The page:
New York City officials have announced plans to make the Staten Island curbside e-scrap recycling service permanent while also rolling it out into more-populous city boroughs.
New York Mayor Bill de Blasio unveiled the plan earlier this week in a press release. The City called the Staten Island program, which launched as a pilot project in October 2016, “a tremendous success,” with residents recycling more than 400,000 pounds of e-scrap thus far.
Under the program, Staten Island residents are able to schedule pick-ups free of charge. The New York Department of Sanitation (DSNY) collects the devices and national e-scrap processor ERI recycles them.
According to Belinda Mager, a DSNY spokeswoman, ERI has been offering the service free of charge to the City but that will change starting next year.
“ERI had agreed to accept material from the curbside pilot on a trial basis, but has determined that beyond 2017, it cannot continue to accept such material at no cost due to the volume and composition of the material stream,” Mager said. “Moving forward, DSNY will be paying to recycle electronic waste collected in the curbside program.”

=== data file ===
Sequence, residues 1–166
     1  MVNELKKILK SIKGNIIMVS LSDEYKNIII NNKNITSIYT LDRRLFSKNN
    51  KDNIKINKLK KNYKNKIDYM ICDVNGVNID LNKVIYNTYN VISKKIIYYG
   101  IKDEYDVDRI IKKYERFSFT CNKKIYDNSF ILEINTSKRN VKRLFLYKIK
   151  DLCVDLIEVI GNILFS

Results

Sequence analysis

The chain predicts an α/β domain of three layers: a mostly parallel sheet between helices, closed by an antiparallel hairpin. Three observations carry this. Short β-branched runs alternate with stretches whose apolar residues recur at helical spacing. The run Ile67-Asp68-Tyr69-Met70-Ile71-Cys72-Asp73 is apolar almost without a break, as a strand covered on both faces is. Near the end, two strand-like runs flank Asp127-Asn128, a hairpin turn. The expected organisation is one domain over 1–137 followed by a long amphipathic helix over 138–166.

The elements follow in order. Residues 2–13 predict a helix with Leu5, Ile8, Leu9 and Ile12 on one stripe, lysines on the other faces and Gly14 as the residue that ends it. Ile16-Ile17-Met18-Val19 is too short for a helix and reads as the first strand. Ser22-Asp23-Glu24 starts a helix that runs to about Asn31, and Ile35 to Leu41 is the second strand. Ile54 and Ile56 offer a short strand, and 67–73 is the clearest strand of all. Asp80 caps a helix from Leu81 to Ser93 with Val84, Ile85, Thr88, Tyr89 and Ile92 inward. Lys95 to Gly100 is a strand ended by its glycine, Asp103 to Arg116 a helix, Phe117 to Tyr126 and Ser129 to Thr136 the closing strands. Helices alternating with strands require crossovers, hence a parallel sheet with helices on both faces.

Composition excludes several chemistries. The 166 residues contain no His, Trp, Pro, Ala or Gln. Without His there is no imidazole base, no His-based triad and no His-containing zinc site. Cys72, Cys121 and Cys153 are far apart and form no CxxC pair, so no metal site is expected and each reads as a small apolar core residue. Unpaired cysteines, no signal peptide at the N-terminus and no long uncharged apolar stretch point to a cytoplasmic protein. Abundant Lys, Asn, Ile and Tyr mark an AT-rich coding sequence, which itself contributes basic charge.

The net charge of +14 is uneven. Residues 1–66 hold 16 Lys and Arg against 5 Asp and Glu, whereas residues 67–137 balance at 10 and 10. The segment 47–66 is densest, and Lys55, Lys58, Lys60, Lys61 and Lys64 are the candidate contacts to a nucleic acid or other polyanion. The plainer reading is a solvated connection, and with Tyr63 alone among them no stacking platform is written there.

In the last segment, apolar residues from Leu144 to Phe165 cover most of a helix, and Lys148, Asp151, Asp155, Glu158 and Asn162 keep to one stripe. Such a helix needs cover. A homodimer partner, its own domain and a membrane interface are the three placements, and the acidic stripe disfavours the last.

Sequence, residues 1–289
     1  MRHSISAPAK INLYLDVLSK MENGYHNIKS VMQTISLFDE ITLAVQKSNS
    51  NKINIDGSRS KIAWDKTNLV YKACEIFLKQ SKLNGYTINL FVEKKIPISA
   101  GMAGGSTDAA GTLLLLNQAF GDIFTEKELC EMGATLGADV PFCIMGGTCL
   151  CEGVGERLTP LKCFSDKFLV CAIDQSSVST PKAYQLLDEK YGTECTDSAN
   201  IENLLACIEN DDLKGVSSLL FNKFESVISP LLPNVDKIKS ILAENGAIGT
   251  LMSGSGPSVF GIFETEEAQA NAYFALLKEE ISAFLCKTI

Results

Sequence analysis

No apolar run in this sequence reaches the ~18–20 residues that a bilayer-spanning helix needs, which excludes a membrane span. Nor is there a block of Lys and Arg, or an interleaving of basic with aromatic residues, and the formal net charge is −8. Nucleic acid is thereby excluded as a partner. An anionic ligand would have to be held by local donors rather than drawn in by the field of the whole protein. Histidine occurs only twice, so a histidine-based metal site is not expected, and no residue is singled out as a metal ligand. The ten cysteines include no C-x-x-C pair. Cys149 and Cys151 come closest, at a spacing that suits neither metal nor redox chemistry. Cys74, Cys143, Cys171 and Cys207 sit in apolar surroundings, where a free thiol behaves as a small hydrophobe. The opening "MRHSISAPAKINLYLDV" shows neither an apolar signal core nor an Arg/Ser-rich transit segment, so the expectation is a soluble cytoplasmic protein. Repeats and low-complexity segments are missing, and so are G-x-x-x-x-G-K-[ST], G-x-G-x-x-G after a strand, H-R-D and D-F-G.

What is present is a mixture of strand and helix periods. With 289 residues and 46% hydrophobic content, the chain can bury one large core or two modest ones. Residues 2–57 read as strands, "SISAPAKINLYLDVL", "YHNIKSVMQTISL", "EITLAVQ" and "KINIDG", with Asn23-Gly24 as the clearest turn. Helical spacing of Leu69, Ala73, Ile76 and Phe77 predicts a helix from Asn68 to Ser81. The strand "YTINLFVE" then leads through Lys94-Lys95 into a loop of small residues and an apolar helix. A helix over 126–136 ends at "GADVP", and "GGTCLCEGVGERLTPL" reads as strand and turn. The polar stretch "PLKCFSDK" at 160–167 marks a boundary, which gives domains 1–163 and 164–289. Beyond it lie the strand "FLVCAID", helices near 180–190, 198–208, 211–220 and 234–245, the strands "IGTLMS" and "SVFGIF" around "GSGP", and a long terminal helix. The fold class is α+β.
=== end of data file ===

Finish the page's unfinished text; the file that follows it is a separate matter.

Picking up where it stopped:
The city estimated it will spend $1.3 million during the first year of the Staten Island program. Mager added she believes the costs of the program are sustainable. “And we will continue to advocate for electronics manufacturers to take on more of the burden of properly recycling electronic waste,” she said.
ERI declined to comment to E-Scrap News for this story.
The Staten Island program was started to cut down on illegal dumping and help residents of single-family homes divert end-of-life electronics. In its announcement, DSNY said it will aim to mirror the effort in Brooklyn, Bronx and Queens over the next three years, an expansion it considered at far back as at least December. Staten Island has just over 470,000 people, while Brooklyn has 2.6 million, the Bronx has 1.4 million and Queens has 2.3 million. Staten Island also has a greater percentage of single-family housing than the other boroughs.
“We’re expanding it to a lot more New Yorkers,” de Blasio said. “It’s so important to our zero waste goals to recycle everything we can, including electronics – but we also need to make it easier for our residents to do so, and that’s what this program is all about.”
The curbside program is relatively unique for a large urban center, although Boston has a similar program in place.
DSNY and ERI also provide an apartment-building-based recycling program called eCycleNYC. Funded by electronics manufacturers, that program has collected more than 10 million pounds of electronics. Mager said ERI is under contract to participate in eCycleNYC for another six years.